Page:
An artist’s reception will be held after services on Sunday, Feb. 26, 2017.
A note from the artist about the exhibit:
As I was assembling this exhibit, it occurred to me that if there is a theme emerging it seems to be about engagement or conflict. Many of the images are from recent political demonstrations here in Minnesota, while other images are from my career in natural resource management. Part seems to be about the complexities of people versus people, the other part is about the intricacies of people and nature.
Legendary philosopher Yogi Berra said, “Its déjà vu all over again.” I remember in 1972 being at the University of Minnesota when students shut down the campus over the Vietnam War. Now, I’m witnessing mass demonstrations again.
Tear gas and pepper spray still smell the same.
During my working career I was part of National Incident Management Teams responsible for suppression of major western wildfires. I spent most summers in remote parts of the country and encountered many instances when humans were in conflict with nature.
Norman McLean, author of A River Runs Through It, aptly summed it up when he said; “On forest fires there are moments almost solely for beauty. Such moments are of short duration.”
About the artist (in his own words):
Many years ago, using 35mm film I learned the meaning of delayed gratification as the images slowly appeared in the fixative bath.
Today I try not to let the new technology get in the way of seeing and capturing an interesting image. I’d rather spend time behind the camera than in front of the computer. Using the tools of digital photography I’m always refining my views of the natural and man-made world.
Some of my images are straight up representational photographic records of what I saw. Some are renditions of what I saw that translated into how the subject created an emotion.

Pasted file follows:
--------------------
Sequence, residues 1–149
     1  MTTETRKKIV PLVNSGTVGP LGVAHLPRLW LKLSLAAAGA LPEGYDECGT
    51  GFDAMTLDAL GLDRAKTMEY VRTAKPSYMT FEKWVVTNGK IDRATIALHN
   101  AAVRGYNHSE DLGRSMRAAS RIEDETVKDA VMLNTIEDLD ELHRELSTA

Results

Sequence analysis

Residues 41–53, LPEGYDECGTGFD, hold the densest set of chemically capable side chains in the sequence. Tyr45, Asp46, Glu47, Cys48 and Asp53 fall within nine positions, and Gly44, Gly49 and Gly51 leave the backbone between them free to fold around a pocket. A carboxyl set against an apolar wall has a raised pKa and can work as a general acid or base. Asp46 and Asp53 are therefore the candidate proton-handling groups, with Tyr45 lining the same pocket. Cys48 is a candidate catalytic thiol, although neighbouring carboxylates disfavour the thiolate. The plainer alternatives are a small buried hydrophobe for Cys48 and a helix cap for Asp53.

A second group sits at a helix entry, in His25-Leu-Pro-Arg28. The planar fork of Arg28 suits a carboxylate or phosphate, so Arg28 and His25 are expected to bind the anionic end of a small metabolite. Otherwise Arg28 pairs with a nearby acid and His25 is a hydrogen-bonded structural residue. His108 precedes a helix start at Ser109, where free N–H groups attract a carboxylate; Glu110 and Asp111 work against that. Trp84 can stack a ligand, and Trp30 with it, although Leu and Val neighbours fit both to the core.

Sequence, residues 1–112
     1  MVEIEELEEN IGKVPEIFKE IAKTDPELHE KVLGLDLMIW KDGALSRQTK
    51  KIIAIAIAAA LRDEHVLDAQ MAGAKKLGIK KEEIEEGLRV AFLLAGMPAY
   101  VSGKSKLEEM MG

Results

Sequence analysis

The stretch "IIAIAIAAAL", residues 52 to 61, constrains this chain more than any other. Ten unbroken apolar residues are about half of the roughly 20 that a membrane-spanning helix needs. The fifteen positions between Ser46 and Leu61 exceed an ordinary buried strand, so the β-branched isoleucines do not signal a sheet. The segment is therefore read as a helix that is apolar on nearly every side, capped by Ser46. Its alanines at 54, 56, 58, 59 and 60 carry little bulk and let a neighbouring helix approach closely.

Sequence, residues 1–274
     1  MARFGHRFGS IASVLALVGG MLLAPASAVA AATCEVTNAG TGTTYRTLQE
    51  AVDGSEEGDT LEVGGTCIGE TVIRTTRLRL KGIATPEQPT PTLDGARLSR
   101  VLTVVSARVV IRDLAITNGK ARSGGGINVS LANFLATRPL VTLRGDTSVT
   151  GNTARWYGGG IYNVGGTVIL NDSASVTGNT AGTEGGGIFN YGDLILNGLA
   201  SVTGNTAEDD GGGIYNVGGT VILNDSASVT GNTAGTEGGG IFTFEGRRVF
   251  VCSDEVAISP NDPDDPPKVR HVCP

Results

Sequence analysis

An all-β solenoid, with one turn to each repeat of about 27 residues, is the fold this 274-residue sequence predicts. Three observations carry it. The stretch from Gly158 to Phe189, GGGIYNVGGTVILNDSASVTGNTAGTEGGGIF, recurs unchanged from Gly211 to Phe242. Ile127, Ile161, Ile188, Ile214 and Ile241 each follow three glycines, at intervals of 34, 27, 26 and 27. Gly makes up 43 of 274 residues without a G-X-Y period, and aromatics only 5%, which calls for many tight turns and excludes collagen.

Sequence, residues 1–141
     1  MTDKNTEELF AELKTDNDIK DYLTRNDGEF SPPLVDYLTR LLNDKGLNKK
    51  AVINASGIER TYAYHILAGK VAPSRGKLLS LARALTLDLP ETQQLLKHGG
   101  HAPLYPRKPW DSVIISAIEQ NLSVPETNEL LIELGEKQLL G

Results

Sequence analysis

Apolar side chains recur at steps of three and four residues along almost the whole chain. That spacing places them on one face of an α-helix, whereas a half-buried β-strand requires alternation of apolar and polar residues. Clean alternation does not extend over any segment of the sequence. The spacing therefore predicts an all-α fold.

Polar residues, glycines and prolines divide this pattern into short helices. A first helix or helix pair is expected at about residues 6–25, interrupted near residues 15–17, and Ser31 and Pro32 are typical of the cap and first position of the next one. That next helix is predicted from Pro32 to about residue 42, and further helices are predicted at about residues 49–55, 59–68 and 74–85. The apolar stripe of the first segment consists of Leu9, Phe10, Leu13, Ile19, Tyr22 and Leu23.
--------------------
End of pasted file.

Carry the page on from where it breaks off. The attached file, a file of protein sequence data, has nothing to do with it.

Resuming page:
A few of the images are a combination of the three concepts; a sliding scale if you will. What I saw, what I thought I saw – perhaps, what I wanted to see.
Read the full issue of this week’s newsletter here: The Weekly Liberal Feb. 9.
Rev. Justin writes:
I recently came across this reading from Wendell Berry, a poet and author: “Much protest is naive; it expects quick, visible improvement and despairs and gives up when such improvement does not come. Protesters who hold out longer have perhaps understood that success is not the proper goal….Protest that endures, I think, is moved by a hope far more modest than that of public success: namely, the hope of preserving qualities in one’s own heart and spirit that would be destroyed by acquiescence.”
This quote is sustaining me today; it filled up my inner “gas tank,” if you will. It’s a reminder that we’re in a long game and that by protesting, raising our voices, taking a moral stand, advocating, and working in solidarity with others, we preserve a piece of our own spirit, building a shield around our non-negotiable core convictions.
What “pit-stops” are you visiting? What is filling your tank up these days?
In addition to joining us for Sunday worship, here are additional opportunities to nourish your spirit and “top up your tank:”
- Join us this Saturday from 8 to 10 a.m. for our Family Friendly Pancake Breakfast. I’ll be helping to serve up pancakes. Food and fellowship is never a bad idea!